Review Summary: A unique metal masterpiece
If you haven’t heard of the Chicago-based industrial band Mechina, honestly I can’t blame you. They’ve been under the radar for the better part of seven years. Their first release The Assembly of Tyrants
was released in 2005 and, to put it simply, it was unique. Not only unique for the metal community but also unique in the music community in general, which is likely why Mechina don’t get the praise they deserve. They’re not your typical metal band writing catchy, heavy-for-the-sake-of-being-heavy songs for the masses – they strived for something more. A metal band with actual depth and knew how to use atmosphere to their advantage without sacrificing their sound. A metal band that actually knew how to contrast harsh and clean vocals to compliment each other without ever sounding forced. Mechina were a forced to be reckoned with, and on The Assembly of Tyrants
they proved exactly that.
Opener ‘Shattered Cry’ pulls no punches. It’s the most abrasive and straightforward metal song on the record and shows off their brand of industrial metal quite well. Mechanical riffs akin to Strapping Young Lad are prevalent, along with double bass drumming galore topped with punctual death metal growls. The qualities that separate Mechina from typical metal bands don’t shine through until the third track ‘Clash of Cultures.’ As much as I hate throwing around the word, this song is epic. There’s no other way to put it; especially for a song that’s barely over 5 minutes. The atmosphere is simultaneously dark yet uplifting – right from the ominous keyboard motif that leads the song up to the well-done clean vocals near the end of the track. Another more ethereal version of this song is used to close the album. Usually I’m not a big fan of “remix” songs, but this one is very well executed and closes the album brilliantly.
The band members themselves have talent, there’s no doubt about it. Vocalist Dave Holch can definitely hold his own against fellow growlers and his clean vocals aren’t half bad either. Could be better, but they’re used sparingly enough to remain enjoyable when they are used. Riff wise, Joe Tiberi isn’t the most talented in the genre but he layers riffs on top of each other to create thickness instead of relying solely on technical finesse to get by like many technical metal bands do. The drums are indeed a standout on this record though. Especially the insanely fast double bass work on ‘Shattered Cry’ and ‘Afterimage’ or the straight up blistering blast beats on ‘Machine God’ and ‘Skin Deep.’ While the band are certainly capable of playing incredibly fast as they prove multiple times on the record, they focus a lot more on the actual songwriting. The songs on here never feel like they’re just treading along idea after idea without any direction. No, every song on The Assembly of Tyrants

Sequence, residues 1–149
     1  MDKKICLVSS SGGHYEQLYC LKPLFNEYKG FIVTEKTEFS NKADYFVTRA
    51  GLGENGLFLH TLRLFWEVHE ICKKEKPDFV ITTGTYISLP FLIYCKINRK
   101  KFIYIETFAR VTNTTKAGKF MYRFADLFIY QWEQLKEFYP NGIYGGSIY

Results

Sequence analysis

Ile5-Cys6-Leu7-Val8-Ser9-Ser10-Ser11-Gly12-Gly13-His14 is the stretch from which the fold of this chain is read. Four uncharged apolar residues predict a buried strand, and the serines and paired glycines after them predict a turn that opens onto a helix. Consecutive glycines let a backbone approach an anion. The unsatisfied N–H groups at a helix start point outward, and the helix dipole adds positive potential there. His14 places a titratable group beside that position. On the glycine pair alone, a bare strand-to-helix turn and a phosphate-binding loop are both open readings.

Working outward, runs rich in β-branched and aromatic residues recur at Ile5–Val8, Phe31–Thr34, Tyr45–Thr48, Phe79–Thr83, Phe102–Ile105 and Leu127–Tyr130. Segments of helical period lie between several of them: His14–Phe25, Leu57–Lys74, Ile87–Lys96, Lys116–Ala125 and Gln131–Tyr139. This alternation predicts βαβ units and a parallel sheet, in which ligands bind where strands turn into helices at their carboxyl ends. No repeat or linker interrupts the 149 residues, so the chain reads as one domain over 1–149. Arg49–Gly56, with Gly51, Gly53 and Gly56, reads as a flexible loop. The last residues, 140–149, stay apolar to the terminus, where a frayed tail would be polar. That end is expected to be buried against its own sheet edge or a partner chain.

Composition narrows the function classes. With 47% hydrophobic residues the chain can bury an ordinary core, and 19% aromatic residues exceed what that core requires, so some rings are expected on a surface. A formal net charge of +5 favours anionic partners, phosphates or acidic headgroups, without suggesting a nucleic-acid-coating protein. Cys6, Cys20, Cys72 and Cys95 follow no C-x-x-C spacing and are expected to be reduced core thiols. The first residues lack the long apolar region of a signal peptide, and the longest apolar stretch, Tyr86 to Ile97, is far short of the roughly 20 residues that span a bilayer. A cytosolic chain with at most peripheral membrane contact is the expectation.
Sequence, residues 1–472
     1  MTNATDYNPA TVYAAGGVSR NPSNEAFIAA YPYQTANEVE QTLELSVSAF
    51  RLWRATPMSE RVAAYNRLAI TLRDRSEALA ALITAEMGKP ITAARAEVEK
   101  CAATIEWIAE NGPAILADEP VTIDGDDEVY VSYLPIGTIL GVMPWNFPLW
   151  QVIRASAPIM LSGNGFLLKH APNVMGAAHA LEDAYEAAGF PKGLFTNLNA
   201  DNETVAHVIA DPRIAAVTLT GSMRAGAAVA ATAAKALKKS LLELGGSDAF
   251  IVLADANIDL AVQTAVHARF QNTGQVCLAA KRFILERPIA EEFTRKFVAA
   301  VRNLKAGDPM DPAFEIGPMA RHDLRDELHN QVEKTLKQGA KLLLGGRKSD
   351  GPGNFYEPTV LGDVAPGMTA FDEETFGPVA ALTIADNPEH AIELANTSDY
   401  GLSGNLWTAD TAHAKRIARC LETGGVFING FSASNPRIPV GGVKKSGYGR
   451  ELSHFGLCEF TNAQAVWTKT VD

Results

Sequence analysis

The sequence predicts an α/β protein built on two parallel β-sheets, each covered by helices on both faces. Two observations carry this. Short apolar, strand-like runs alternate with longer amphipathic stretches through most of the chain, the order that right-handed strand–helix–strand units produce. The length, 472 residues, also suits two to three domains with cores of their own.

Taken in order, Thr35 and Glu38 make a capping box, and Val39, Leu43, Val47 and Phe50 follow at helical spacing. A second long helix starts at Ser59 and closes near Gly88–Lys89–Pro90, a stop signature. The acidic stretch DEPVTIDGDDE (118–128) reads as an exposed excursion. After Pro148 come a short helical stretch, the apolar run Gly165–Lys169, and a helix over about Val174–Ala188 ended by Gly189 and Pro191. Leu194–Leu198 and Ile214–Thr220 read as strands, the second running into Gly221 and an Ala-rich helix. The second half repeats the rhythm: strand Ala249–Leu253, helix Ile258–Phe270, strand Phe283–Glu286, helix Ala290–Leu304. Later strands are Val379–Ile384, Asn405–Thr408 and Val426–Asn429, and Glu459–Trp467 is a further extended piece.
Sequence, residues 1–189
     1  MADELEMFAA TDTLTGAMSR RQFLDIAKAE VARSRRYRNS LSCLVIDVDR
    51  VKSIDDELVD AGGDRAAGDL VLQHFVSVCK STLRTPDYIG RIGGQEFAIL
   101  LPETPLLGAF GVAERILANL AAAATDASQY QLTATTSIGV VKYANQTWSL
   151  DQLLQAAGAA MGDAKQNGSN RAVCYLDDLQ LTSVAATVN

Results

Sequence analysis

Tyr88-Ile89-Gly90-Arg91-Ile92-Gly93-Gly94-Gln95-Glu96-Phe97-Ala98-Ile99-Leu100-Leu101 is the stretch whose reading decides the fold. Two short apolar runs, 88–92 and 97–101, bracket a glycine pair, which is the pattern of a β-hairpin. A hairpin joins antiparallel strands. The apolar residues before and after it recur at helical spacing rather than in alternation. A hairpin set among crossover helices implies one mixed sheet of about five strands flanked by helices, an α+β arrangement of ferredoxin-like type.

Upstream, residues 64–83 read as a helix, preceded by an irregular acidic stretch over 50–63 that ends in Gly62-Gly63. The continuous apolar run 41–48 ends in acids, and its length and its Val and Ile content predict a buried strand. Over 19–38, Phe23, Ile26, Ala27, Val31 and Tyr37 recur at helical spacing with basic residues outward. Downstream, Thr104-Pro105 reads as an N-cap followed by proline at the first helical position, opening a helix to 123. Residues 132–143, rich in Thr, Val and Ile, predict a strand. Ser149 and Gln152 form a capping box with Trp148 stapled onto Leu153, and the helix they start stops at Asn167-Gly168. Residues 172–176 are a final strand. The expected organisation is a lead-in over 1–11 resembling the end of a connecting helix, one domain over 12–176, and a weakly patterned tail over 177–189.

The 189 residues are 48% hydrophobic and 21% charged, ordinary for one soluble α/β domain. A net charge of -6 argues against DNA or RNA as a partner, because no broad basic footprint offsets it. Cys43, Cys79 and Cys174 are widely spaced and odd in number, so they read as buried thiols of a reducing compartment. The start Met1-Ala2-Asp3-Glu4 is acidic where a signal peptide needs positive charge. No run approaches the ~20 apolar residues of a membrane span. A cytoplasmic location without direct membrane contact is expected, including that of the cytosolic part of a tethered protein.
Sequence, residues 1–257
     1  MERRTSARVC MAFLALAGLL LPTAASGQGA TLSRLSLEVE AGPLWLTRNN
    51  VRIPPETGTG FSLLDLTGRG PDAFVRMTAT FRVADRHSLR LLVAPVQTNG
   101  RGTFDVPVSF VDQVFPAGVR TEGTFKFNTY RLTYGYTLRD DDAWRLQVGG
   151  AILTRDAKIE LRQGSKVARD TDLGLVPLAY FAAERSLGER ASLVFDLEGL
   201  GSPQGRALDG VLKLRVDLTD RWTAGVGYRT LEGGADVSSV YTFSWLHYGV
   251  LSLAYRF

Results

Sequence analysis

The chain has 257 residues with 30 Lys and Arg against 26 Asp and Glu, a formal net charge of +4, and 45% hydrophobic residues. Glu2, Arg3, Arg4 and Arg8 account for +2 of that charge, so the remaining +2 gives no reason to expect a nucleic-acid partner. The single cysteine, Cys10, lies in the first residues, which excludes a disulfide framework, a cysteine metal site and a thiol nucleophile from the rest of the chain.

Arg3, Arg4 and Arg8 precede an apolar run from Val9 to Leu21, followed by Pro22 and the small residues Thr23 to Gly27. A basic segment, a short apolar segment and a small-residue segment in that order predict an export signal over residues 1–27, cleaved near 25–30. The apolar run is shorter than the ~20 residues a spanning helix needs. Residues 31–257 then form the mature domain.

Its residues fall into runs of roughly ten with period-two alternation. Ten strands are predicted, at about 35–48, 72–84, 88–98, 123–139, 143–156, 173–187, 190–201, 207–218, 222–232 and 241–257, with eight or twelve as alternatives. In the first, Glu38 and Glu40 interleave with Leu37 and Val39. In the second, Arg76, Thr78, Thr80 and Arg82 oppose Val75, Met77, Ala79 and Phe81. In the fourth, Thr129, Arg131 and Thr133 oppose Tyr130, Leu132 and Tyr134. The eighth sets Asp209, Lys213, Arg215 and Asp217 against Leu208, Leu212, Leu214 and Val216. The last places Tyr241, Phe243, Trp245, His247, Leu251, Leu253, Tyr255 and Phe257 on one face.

is completely focused and vital to the flow of the album. Even the interlude tracks feel like actual interludes instead of passable filler. ‘Warfog’ in particular provides a beautiful symphonic intro to the jaw dropping title track, possibly the best song on the album, being a perfect combination of Mechina’s robotic riffing and dynamic atmosphere ideally utilized in just under 8 minutes – it’s phenomenal.
The great thing about The Assembly of Tyrants
is that not one track is inferior to the rest. I suppose the shorter tracks do pale in comparison to the longer ones just because the longer ones have more time to entrance you, but I can’t imagine the album flowing as well as it does without each one. Unfortunately, the vocals are probably the main thing keeping this from being a perfect record. Dave is great at what he does, but he doesn’t bring anything new to the table both screaming and singing wise. He sounds like a standard death metal vocalist with the occasional mediocre clean singing getting him through the more melodic sections. It just gets monotonous to listen to after a while. However ignoring the very minor flaws, The Assembly of Tyrants
is a truly impressive album through and through. On this album, Mechina became the dynamic metal band they strived to be. They sacrificed a potentially bigger fanbase for musical depth. They didn’t want to write catchy, heavy-for-the-sake-of-being-heavy songs for the masses – they only wrote for themselves, and it's this attitude and originality on their part that makes The Assembly of Tyrants
a near flawless masterpiece.